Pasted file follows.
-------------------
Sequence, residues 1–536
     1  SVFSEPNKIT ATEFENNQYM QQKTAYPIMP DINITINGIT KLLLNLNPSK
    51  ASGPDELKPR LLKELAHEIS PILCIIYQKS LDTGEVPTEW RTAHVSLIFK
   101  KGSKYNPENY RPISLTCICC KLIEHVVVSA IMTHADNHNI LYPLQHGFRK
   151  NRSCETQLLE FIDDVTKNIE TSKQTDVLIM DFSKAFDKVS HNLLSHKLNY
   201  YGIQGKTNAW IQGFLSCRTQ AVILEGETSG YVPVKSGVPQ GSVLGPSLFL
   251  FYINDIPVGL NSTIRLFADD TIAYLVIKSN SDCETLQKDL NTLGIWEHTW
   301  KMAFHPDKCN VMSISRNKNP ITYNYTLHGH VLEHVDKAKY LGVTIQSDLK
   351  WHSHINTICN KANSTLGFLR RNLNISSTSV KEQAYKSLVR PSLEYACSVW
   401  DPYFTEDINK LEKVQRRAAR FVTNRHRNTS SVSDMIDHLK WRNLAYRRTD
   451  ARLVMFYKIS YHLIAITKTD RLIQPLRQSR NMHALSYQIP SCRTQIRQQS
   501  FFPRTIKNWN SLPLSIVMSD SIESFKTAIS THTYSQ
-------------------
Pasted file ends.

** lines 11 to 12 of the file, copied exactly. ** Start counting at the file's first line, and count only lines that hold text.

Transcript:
   451  ARLVMFYKIS YHLIAITKTD RLIQPLRQSR NMHALSYQIP SCRTQIRQQS
   501  FFPRTIKNWN SLPLSIVMSD SIESFKTAIS THTYSQ